K9 officer left in hot car died from a heat stroke

Bennettsville police K9 Officer Tank died as a result of a heat stroke, according to a veterinarian's report released Thursday, said Chief Larry McNeil.

Tank was left in the patrol car by its handler Monday outside the Bennettsville Police Department.

The engine was off and the windows rolled up.

The officer stopped by the department to do some paper work and stayed longer than he anticipated, according to McNeil.

When he got back to his car and realized Tank was in need of medical attention, the officer immediately took him to the veterinarian office in Blenheim where the dog died the next day.

Tank's partner has been on leave since the incident.

His name isn't being released.

McNeil says he will release how he intends to discipline the officer Thursday afternoon.

Many in the community have called for the officer to be fired and even charged with Animal Neglect.

Tank, a Black Labrador Retriever, was laid to rest in a tiny gray casket in an area near the department's training grounds off of State Street, Tuesday morning.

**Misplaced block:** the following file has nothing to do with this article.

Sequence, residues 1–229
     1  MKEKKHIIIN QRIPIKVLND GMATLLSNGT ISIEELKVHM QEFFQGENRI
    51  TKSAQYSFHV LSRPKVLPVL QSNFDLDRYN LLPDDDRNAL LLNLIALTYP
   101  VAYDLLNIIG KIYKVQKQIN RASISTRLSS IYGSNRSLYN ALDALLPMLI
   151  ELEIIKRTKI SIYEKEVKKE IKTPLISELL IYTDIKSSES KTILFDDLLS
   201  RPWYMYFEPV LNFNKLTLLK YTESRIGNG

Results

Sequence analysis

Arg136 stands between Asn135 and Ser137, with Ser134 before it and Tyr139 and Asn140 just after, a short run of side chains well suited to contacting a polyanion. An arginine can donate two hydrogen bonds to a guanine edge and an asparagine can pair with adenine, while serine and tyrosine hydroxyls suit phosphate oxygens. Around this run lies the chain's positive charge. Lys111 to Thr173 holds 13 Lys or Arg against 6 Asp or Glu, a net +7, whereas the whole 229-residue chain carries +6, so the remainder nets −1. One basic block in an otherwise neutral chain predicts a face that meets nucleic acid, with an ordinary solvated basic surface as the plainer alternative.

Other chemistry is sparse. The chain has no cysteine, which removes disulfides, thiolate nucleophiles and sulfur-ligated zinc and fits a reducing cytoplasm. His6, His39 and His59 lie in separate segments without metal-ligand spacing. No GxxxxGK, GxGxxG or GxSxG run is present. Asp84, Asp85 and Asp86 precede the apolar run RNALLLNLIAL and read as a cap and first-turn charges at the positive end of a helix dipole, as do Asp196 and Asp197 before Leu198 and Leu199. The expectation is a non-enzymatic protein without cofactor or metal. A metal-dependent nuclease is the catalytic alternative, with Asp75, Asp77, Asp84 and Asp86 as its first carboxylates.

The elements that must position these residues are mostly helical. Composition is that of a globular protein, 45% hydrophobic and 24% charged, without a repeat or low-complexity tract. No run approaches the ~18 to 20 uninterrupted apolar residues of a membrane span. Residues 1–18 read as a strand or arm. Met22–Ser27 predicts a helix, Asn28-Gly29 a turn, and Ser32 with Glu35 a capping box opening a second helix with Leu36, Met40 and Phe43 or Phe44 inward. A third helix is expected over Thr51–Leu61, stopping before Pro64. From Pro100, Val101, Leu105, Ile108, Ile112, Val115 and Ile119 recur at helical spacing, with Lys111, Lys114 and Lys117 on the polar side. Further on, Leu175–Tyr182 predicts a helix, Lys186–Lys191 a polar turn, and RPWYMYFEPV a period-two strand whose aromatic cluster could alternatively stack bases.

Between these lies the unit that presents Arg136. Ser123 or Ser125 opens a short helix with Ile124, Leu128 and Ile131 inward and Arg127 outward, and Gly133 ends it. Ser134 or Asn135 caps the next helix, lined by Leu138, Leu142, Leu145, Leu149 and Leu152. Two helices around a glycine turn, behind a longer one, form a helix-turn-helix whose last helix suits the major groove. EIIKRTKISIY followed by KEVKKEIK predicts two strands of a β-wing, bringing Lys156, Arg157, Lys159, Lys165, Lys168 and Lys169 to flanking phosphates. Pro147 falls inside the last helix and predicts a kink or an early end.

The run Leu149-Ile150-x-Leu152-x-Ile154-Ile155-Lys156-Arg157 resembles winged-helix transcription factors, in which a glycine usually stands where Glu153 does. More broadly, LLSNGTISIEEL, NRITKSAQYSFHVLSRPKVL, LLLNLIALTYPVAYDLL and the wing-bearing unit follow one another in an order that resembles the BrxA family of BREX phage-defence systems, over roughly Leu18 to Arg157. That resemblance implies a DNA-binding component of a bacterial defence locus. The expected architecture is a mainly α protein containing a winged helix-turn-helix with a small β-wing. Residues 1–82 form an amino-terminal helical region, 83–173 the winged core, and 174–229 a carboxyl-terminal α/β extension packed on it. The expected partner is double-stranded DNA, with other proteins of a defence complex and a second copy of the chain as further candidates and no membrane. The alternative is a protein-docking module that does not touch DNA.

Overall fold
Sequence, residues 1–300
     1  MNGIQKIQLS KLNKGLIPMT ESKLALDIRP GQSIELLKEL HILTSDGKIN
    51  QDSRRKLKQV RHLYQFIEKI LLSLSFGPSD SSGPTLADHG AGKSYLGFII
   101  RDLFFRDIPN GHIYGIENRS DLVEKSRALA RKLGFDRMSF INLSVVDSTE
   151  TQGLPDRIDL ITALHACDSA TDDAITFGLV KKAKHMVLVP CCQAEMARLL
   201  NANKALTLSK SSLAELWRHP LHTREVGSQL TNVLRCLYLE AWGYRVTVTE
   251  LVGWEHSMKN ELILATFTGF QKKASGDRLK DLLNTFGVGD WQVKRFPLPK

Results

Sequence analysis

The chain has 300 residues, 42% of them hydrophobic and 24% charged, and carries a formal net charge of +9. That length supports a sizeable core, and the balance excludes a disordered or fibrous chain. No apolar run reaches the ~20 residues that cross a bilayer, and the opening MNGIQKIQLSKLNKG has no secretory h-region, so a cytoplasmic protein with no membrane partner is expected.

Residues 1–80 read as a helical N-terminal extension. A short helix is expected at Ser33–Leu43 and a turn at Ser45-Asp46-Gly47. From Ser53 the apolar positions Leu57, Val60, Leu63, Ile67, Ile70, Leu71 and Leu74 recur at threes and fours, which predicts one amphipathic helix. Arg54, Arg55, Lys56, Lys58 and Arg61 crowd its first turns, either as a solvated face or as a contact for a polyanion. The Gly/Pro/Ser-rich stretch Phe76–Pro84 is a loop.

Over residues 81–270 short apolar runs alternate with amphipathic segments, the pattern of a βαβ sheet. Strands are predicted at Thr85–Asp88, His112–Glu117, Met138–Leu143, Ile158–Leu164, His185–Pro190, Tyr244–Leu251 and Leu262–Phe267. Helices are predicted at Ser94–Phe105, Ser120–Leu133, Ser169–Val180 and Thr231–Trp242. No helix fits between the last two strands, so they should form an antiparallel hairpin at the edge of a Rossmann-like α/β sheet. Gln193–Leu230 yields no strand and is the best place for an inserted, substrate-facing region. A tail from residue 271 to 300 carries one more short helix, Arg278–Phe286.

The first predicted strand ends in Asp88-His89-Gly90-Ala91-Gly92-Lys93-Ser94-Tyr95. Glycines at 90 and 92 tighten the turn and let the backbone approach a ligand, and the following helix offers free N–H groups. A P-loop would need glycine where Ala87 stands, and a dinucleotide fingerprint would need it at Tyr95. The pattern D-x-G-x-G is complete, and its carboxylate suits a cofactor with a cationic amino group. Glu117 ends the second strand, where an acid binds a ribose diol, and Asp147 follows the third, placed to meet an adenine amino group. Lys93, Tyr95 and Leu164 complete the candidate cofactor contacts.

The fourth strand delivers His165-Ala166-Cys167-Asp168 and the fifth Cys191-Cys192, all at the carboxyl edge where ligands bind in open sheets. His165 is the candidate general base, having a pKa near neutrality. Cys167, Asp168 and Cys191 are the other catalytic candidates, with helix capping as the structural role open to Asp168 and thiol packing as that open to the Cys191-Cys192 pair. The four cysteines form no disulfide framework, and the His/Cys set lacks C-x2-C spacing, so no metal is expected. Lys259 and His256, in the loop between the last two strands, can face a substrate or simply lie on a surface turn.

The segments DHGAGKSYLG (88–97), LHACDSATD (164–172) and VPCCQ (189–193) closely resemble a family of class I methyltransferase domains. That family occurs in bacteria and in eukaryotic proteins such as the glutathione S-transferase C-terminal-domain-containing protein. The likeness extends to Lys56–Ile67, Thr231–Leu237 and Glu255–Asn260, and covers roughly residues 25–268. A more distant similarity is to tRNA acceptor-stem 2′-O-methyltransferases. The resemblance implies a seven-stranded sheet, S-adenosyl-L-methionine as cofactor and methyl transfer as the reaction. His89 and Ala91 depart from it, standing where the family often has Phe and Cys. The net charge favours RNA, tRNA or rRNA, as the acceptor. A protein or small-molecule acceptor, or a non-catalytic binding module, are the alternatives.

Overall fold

Chief McNeil gave the eulogy at the funeral and said Tank's death has affected everyone at his department.

"Difficult and heart-wrenching in a sense because it's never expected. This untimely death of Tank is one that's going to stay with the department. He won't be forgotten," said Chief McNeil.

The officer who handled Tank is overwhelmed with grief, McNeil said.

"I don't think people realize how much and how it's going to affect his partner. And how it's going to affect that family because when you're with someone for 365 days a year 24 hours a day, just about everyday, it has an impact on your life after. And we realize that with Tank's partner I don't think anybody would be more hurt right now than he and his family, " explained McNeil.

The Humane Society of Marlboro County issued a statement to WPDE NewsChannel 15 on the death of the K-9 Officer.

Tank was four years old and had worked with Bennettsville police for three years in explosives detection.

"He (Tank) never realized the job he performed for us and the community was probably one of the most dangerous jobs that anybody would want to have," McNeil said.

Tank is remembered as a loveable dog who loved his handler and his job with the Bennettsville Police Department.